Test pilots. Scientists. Explorers.
The 1960s were a perfect storm. With the launch of Sputnik, the escalating Cold War, the public belief in President John F. Kennedy, and a time of economic prosperity, challenge was issued to put a man on the moon by the end of the decade and to bring him safely back to earth. To this day, you hear this achievement compared to anything. “We can put a man on the moon, but we can’t do (fill in the blank with grievance here).” As a nation, and as a race as a whole, we tested the absolute limits of what we were capable of doing, and we went further than we ever have before. This is what it means to be human, to push beyond the comfort zone because we can.
In doing so, we inspired a nation and a world. We created new technologies and pushed the boundaries of understanding on all manner of sciences.
And then one day, we stopped. We haven’t been the same since. Some would claim we lost our identities and reason for being that day. Sadly, I’m among those who think this way. I want brighter days ahead, but my understanding of what that will take is very different from my understanding of what my country is willing to do now. The space program has all but perished in my life time. It’s too costly, they say, and the risk is too great. We pay a far higher cost by not going. The risk is minimized the more we learn, and what risk remains has always been a part of it. People are willing to take that risk. It’s what makes us human.
In 1988, I visited the Smithsonian Air & Space Museum in Washington, D.C. Even 30 years ago, it was an all-day event just to get through that one museum. Taking it all in, even then as a young teen, I knew when I saw the Apollo 11 command module and the lunar excursion module Eagle, that I was seeing both the centerpieces of the museum and the pinnacle of human achievement.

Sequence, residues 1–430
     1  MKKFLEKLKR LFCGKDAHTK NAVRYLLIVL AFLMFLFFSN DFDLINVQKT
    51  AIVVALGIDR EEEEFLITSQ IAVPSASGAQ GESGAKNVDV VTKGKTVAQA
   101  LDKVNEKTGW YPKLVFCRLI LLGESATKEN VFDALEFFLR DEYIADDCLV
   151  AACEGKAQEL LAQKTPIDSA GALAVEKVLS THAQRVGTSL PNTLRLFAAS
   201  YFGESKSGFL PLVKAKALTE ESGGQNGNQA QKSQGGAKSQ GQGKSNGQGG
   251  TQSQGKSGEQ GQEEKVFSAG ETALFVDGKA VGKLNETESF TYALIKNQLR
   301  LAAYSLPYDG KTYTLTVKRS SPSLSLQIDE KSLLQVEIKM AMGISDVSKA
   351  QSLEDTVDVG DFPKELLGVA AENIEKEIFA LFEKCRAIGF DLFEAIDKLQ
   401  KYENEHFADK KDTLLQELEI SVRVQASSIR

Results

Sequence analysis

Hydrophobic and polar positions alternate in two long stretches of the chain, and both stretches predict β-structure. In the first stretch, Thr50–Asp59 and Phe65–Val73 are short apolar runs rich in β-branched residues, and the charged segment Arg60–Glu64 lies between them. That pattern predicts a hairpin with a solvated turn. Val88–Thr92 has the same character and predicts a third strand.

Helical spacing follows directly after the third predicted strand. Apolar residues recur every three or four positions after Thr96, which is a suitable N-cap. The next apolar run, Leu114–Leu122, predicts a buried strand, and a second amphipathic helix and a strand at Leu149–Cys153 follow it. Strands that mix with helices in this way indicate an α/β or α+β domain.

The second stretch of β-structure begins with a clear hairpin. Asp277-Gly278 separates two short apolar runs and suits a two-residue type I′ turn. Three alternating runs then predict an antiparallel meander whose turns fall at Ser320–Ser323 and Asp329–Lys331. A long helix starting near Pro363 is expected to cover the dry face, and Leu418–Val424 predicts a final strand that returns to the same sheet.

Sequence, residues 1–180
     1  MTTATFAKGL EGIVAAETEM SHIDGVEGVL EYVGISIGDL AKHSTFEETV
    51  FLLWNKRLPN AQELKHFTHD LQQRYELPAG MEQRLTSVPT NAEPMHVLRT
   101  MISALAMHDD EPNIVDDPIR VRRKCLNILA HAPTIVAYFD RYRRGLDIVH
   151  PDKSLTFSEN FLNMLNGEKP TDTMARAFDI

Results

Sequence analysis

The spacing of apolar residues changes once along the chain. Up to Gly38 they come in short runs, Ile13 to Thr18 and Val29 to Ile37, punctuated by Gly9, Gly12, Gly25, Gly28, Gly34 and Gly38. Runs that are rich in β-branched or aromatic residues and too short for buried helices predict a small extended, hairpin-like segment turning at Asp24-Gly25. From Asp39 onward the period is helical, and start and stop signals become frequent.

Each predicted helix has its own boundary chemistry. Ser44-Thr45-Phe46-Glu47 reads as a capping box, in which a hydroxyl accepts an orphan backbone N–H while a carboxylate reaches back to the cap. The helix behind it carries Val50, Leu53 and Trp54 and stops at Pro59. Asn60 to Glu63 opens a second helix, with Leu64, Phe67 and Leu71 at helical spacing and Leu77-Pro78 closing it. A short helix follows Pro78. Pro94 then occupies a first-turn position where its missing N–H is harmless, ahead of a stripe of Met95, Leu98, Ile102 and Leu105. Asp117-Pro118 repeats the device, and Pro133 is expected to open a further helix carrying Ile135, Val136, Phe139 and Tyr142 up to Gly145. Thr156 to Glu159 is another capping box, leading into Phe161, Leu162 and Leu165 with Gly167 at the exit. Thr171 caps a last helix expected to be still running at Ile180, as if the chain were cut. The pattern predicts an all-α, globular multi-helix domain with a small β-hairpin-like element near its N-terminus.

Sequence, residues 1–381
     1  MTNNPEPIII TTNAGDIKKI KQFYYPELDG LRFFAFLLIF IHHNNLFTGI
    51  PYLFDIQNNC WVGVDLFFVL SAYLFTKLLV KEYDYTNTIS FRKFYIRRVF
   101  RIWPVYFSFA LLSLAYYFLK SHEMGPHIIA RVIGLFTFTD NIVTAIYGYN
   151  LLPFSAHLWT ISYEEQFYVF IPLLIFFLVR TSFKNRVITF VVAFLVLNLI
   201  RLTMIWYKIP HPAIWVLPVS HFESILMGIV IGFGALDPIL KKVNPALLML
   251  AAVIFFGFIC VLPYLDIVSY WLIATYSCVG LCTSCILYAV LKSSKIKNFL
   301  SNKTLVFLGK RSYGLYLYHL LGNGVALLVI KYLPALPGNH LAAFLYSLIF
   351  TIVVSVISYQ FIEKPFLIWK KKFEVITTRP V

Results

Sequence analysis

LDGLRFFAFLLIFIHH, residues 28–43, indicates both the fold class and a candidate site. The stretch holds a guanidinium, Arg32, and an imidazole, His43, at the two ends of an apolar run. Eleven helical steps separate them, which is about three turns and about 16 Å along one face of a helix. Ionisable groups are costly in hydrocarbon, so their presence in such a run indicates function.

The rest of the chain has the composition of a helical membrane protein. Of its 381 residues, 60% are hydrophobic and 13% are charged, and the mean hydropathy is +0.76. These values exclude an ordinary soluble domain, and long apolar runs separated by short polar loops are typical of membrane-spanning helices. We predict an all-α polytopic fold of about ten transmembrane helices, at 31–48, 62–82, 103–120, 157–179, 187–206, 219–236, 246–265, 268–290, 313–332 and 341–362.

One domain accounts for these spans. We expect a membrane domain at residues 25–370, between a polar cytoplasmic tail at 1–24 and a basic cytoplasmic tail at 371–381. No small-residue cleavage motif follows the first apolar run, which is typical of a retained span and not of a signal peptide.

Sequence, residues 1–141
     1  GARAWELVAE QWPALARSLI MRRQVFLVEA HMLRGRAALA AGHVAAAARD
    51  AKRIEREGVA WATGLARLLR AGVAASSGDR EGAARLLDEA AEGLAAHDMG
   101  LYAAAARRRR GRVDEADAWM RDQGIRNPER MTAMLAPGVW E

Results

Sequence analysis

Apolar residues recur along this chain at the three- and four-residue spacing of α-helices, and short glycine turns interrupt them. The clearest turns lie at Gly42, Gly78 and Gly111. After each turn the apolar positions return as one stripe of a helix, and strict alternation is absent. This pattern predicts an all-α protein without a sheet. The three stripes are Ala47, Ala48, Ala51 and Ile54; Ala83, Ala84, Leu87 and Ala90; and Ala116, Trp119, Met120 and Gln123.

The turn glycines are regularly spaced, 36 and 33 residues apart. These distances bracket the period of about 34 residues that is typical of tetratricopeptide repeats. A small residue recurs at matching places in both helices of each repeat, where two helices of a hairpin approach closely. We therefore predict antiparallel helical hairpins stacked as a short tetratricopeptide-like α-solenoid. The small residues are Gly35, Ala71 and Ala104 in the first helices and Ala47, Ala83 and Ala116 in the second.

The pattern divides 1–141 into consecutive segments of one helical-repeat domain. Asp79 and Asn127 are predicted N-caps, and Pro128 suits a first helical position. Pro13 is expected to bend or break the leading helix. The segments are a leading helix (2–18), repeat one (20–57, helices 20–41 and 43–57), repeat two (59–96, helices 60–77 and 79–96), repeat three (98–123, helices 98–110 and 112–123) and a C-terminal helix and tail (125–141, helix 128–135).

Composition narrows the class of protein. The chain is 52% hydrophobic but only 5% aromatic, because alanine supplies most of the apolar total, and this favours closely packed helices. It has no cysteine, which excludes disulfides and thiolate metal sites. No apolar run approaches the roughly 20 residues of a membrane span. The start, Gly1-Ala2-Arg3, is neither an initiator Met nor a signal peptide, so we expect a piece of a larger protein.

It’s one thing to see history, to touch it. That alone is worth the price of admission. It’s something else entirely to understand it and to put it into context. Behind this story are the flight crews and engineers that made this endeavor possible. But the Apollo story doesn’t end with the “one small step for man.” That was only the beginning of the mission.
If you’ve seen the 1998 mini-series From the Earth to the Moon, then you know the story in this book. This is the book that mini-series is based on. Author Andrew Chaikin tells the story behind the story. You get to know the people and the personalities who dared to do more than dream. These are human beings like you and me. They have stories to tell. Chaikin tells them here, in personal detail. The hero-worship, the press, the scandals, the drinking, the competitive egos, the broken marriages, and above all the commitment… it’s all here, every triumph, every setback, every challenge, every mission from Apollo 1 to Apollo 17. The book covers the mission parameters, the details of each mission, the challenges encountered, the things we learned, the details hidden from the press at the time… it’s an engaging narrative from start to finish. To my mind, it’s one of the most awe-inspiring tales told in the entire annals of history, made understandable in the telling here.
It’s made humbling by the realization that we can’t do it today. Almost 40 years after Neil Armstrong and Buzz Aldrin set foot on the lunar surface, we don’t have the technology, the funds, or the public spirit, or the congressional support to even make an attempt. It’s the kind of thing I think about at night, along with the realization that I couldn’t be one of them even if I wanted to be. I don’t have what it takes to be an astronaut. I’ve seen a Saturn V rocket in person at Houston’s NASA Space Center. I’m too paralyzed by heights to plant my butt in the seat of a Saturn V while it’s still on the ground. I’d never make it into space in my wildest dreams. I have nothing but admiration for these brave people. That was before I read this book.
This book has me appreciate all over again virtually everything I believe about life, the cosmos, and our place in it. It puts our petty wars and everyday social problems into perspective. The space program has always had me walking the tightrope between hope that we can and despair that we won’t. This book brings all of that home, with the understanding that for one brief time, we dared to do it.
I can’t recommend this book enough. Though a little dated (Alan Shepard, who died in 1998, is still alive at the time of publication, for example), it’s still thorough and complete. It’s truly an amazing read. I dare you to not be inspired by this one.